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Neighbors request solutions after NES repair causes power surge

Homeowners in one Midstate neighborhood said they’re demanding accountability from Nashville Electric Service after a power surge ripped through their homes, da
Updated: Apr. 4, 2022 at 6:10 PM CDT
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NASHVILLE, Tenn. (WSMV) - Homeowners in one mid-state neighborhood said they’re demanding accountability from Nashville Electric Service after a power surge ripped through their homes, damaging their HVAC systems and costing them thousands of dollars.

A broken range hood and a messed-up HVAC system is just part of a growing repair bill for Stephanie Pruitt-Gaines.

“We’re paying thousands of dollars that it’s costing to fix everything,” Pruitt-Gaines said.

She blames the broken pole that NES was working on in February.

Pruitt-Gaines’ neighbor, Bobby Durham, called NES after seeing the dangling pole from his kitchen.

“They said it looked like an emergency or a liability and they needed to take care of it right away,” Durham said.

Crews came out to fix it, when suddenly.

“Around noon that day, I heard a loud boom and an explosion and a lot of noise and then a lot of commotion,” Pruitt-Gaines said.

Next, she said, her power went out, and then, “Turns out our HVAC system was blown.”

Pruitt-Gaines and her Donelson neighbors started talking, connected the dots, and found out that they all had electrical issues, from broken appliances to failing outlets.

“We found out that as NES was repairing this rotten pole that was dangling, they decided not to turn off the electricity,” Pruitt-Gaines said.

Pruitt-Gaines and her neighbors each filed a claim with NES but got a denial letter. The letter said NES does not reimburse customers for expenses they may incur due to interruptions of service, per its rules.

The letter also stated that they use reasonable diligence to provide a regular and uninterrupted supply of electricity, but shall not be liable for any loss, injury or property damage.

“To cut the power or warn us where we could throw our main breaker would’ve been a good thing, or afterwards saying there’s a surge, you might want to check your stuff, but nobody did that,” Durham said.

“For NES to say it’s not their fault. Well, whose is it? Whose fault is it?” Pruitt-Gaines said. “I don’t see how they can calculate that we’re responsible when they’re doing a repair. They’re the ones that initiated the pole falling and however they were fixing it and chose not to.”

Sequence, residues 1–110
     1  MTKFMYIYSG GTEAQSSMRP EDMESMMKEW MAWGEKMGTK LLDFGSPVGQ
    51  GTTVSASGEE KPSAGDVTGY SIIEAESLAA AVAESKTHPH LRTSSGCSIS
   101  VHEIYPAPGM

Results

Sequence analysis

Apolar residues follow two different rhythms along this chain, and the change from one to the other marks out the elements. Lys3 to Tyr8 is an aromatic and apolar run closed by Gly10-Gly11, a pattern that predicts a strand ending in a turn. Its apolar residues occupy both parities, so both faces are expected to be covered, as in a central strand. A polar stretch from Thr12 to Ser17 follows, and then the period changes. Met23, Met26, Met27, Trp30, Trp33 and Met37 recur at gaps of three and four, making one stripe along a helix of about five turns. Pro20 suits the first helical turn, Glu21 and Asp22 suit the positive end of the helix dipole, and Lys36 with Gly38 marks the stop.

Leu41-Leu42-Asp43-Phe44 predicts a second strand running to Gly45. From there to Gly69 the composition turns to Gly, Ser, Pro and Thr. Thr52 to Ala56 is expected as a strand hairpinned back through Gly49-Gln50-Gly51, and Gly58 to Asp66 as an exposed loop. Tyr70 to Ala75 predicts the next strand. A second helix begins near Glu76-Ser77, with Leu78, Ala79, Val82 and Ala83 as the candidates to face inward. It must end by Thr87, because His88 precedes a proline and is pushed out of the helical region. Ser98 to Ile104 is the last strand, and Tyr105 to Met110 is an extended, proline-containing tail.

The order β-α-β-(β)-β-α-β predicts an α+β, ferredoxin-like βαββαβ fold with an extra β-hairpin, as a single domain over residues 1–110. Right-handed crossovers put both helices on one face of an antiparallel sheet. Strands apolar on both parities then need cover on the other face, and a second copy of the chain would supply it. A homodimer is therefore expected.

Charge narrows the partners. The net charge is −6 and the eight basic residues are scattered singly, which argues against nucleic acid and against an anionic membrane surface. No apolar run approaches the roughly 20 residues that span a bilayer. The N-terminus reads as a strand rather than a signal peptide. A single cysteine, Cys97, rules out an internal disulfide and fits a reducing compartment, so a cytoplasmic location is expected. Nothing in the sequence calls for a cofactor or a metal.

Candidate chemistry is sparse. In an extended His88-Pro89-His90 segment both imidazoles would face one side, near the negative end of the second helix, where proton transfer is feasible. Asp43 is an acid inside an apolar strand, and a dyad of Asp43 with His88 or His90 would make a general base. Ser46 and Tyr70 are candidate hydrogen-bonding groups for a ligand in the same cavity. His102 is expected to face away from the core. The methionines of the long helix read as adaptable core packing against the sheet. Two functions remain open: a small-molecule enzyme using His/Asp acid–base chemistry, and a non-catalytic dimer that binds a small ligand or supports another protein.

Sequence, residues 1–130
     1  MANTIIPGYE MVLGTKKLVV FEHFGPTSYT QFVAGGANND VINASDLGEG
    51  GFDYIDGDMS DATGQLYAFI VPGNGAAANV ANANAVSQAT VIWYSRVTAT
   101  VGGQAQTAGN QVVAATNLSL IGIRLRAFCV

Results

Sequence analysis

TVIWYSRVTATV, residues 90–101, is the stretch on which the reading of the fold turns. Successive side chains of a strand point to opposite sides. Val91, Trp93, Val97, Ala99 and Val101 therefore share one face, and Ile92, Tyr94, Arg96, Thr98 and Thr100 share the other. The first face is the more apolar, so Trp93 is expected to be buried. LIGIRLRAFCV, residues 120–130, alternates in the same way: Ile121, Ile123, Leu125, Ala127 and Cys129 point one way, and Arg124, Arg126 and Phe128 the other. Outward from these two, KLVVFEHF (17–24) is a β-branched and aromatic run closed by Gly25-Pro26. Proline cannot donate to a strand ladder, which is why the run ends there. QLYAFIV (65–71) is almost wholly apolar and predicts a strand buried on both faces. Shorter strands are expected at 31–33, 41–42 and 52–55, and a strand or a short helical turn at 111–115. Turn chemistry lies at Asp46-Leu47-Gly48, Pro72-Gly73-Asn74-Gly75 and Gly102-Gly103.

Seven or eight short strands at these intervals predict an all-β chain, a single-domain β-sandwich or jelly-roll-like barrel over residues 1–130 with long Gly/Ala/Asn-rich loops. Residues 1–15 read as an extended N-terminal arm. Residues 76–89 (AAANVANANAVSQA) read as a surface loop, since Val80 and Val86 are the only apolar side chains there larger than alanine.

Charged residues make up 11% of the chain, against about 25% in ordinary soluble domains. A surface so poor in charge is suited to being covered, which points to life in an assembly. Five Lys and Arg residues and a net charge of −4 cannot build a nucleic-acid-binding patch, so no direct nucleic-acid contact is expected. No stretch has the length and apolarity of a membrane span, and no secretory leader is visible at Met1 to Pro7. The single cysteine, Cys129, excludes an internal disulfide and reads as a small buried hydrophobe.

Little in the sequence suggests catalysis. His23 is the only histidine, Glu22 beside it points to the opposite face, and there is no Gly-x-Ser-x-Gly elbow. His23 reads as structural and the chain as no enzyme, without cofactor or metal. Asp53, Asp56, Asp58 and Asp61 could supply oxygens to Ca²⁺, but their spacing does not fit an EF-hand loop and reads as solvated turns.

Neighbors said they don’t blame the workers who came out to fix the pole, they just want NES to take some responsibility.

“This is a system error that occurred to four neighbors,” Pruitt-Gaines said. “In the case that damage does occur, then they’re responsible in my mind.”

NES said it always notifies customers of the date(s) and times of any scheduled outages that it has planned to conduct maintenance work that may temporarily affect power in their area. Whenever crews are working, NES said it asks that customers do not distract them, ask to take photos and to pay attention to barriers that have been set up by NES for their protection.

News4 reached out to NES with a series of questions about the incident:

News4: Given the fact that NES was working on a bad pole, why did you not notify residents that 1) you were in the area 2) that the power may need to be turned off during their work?

NES: Because this specific incident involved an urgent pole replacement that was in a challenging location. The first step was simply getting the hole dug and the new pole installed. If transfers need to be done immediately, the standard practice is to knock on doors and let customers know we will be de-energizing the lines to make the transfers.

News4: Will NES offer residents any kind of financial compensation due to the unexpected power surge and damage that was caused?

NES: By operation of law, NES would not owe for situations like this. NES was not at fault for the incident and cannot offer financial compensation.

News4: Why were residents not notified immediately after the incident? One homeowner said that had she not been home, she would have no idea why her breakers were tripped, and her HVAC system broken.

NES: Again, when it is necessary to transfer the lines to a new pole immediately, the standard practice is to knock on doors and let customers know we will be de-energizing the lines to make the transfers. However, the line fell, causing an outage for over 200 customers before we were at the point of knocking on doors. Therefore, the immediate priority of the linemen shifted to making the necessary repairs to restore service ASAP.

News4: Moving forward, would NES engage in more rigorous consumer education about their boundaries or responsibility/potential risk of surges so that more people purchase and regularly use surge protectors?

NES: We have incorporated the important of using surge protectors as well as the risk of surges in our communications to customers, such as direct mail, emails, and social media content. In this instance, it is possible that a “whole house” surge protector could have helped in protecting the HVAC units. These surge protectors can be expensive and require a licensed electrician to install.

Customers with any questions or concerns can contact customer relations at 615-736-6900.

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